In April I was very grateful to The Marlay Group who provided £600 to support my attendance at the Computer Applications and Quantitative Methods in Archaeology International Conference in Krakow, Poland. The conference brings together academics and practitioners across a range of disciplines with interests surrounding the broad theme of computer applications in archaeology. I presented a paper in a session on Immersive Digital Media in Archaeology concerning the use of immersive acoustics to communicate archaeological narratives, drawing specifically on Listening to the Commons and the Voice and Vote Exhibition, with the Co-I on my previous post-doc Prof Damian Murphy. Despite issues with light and sound in the venue the presentation went well and fitted I think into broader discussions happening across the conference on themes of sensorial engagement and how we can move away from ocularcentric interpretations and approaches (which I had weighed in on as is my perogative!).
@CatrionaCooper reminds us that other cultures prioritise and treats senses differently. We are focusing on a #western prospective. perhaps we should step back and study more senses independently before we could explore different combinations and prospectives #krakcaa #s37 #037— Eleonora Gandolfi (@eleonorag1) April 26, 2019
Beyond my session the most engaging session I attended focussed on User Experience Design led by Francesca Dolcetti (University of York), Rachel Opitz (University of Glasgow) and Sara Perry (University of York) which took a closer look at the effectiveness and impact on diverse audiences of the use of digital tools and applications. There was a strong sense that as a group who engage strongly with disseminiating narratives about the past we should be moving towards a workflow that places the end users and stakeholders at the centre of the design process and engage with them from the outset rather than waiting to final stages of evaluation. This is something I have been trying to champion from the outset with my fellowship here at the Fitzwilliam and I hope to weave in some of these ideas into my project. I was also particularly struck by the number of papers negotiating difficult heritages through digital engagements and how this can be an effective mechanism for telling those stories (I would champion papers and work by Paola Di Giuseppantonio Di Franco, Claire Boardman & Edward González-Tennant in particular).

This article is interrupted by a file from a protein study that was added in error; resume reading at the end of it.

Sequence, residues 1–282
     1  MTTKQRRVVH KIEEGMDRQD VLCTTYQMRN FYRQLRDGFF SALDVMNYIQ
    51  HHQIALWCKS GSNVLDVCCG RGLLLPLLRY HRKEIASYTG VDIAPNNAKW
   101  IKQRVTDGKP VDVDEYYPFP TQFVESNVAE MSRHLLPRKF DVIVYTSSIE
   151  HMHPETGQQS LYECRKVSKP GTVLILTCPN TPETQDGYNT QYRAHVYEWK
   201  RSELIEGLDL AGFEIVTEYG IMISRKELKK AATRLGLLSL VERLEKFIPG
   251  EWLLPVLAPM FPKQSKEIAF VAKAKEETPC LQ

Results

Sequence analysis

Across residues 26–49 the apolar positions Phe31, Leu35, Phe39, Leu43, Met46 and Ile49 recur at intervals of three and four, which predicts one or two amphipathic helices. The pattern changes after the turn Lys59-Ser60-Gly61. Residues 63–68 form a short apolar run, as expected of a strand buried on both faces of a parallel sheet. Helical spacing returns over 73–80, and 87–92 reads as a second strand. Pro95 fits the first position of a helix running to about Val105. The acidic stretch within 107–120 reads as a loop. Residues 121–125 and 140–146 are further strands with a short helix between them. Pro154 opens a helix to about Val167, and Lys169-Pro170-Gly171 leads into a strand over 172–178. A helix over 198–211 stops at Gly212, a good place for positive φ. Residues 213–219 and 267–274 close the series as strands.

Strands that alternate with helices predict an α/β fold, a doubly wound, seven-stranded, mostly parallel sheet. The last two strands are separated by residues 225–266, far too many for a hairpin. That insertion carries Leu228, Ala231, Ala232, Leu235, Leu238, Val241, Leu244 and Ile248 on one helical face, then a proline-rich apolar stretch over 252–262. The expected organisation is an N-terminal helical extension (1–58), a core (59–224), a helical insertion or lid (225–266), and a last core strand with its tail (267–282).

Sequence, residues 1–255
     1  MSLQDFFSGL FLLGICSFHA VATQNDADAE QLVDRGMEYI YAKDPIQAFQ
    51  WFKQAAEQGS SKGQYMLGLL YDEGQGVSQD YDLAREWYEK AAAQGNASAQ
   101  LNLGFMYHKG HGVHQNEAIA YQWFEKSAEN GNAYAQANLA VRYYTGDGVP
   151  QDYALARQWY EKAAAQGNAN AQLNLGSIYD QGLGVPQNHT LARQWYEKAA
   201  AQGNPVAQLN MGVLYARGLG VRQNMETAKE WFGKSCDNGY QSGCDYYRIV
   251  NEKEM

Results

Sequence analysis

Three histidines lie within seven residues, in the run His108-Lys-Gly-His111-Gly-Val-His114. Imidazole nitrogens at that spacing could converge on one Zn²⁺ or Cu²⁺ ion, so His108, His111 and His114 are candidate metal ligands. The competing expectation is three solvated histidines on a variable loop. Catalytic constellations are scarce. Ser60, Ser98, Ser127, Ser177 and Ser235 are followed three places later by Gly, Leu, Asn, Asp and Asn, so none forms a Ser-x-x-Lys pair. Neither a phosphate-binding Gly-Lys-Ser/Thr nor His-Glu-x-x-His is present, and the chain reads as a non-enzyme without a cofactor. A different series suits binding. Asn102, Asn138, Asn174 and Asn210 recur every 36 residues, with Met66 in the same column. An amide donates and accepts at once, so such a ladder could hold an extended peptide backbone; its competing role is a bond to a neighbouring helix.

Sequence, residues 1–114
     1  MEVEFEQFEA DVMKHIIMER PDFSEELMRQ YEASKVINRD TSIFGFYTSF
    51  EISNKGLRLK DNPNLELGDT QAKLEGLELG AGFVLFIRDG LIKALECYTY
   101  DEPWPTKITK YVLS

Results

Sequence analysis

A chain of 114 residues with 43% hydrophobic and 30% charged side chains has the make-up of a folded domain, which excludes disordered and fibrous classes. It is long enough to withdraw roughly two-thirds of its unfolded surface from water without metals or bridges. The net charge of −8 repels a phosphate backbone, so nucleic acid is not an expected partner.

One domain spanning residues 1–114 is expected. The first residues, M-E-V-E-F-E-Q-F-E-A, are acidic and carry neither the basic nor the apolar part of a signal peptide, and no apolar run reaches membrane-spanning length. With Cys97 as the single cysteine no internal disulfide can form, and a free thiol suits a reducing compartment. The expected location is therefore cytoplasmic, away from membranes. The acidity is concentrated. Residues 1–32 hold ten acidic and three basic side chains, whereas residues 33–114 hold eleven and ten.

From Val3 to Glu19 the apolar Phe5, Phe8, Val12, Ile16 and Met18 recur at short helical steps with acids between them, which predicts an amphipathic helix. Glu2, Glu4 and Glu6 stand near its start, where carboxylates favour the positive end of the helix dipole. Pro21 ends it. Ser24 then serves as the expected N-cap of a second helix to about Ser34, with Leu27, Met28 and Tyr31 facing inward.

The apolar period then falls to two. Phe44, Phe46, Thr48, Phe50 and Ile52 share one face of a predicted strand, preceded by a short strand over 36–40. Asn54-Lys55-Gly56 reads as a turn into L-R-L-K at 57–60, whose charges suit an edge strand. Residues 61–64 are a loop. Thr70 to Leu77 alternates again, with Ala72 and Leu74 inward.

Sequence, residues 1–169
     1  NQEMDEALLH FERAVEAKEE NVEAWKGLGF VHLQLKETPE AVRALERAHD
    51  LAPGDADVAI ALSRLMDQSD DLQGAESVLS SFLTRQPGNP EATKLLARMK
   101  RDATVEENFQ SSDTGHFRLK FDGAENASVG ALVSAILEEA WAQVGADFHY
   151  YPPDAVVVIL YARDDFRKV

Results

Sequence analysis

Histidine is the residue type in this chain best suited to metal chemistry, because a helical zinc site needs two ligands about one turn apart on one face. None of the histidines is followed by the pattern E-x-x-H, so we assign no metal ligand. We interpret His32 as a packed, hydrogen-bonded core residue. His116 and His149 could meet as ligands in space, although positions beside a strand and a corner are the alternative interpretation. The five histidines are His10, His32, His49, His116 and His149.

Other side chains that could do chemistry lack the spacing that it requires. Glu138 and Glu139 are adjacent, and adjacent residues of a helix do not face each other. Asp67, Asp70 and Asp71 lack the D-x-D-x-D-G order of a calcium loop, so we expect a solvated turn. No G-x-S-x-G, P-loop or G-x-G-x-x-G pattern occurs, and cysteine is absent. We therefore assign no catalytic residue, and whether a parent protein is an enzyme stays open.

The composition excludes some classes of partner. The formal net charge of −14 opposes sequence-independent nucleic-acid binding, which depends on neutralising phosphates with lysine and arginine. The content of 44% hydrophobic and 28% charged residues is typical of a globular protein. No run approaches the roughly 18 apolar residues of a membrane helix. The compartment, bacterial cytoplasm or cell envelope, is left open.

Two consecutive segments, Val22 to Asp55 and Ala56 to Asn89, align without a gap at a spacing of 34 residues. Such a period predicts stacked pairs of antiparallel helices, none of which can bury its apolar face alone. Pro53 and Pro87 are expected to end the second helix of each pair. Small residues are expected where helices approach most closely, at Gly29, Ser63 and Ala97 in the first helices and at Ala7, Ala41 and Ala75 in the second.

In general there was a real theme of reflection on the ethical implications of technology driving our research and how we can address thoses issues. I stepped into chair a session on Digital Ethics in which Jeremy Huggett (University of Glasgow) presented a paper concerning our use of devices. He raised how devices impact our practice and have multiple and wide spanning implications. These issues were also raised by Gary Nobles in his session concerning the spatial analysis of 3D archaeological information in both theory and method. In general I think archaeologists do have the magpie like tendency to grab at new exciting technologies and allow them to dictate our research questions rather than first considering how we might appropriatly deploy new technology and the impact they will have.
It was a fantastically well organised conference and I enjoyed being able to champion the investment the Fitzwilliam has put into digital approaches and the work the CEEF team and our project partners have been doing.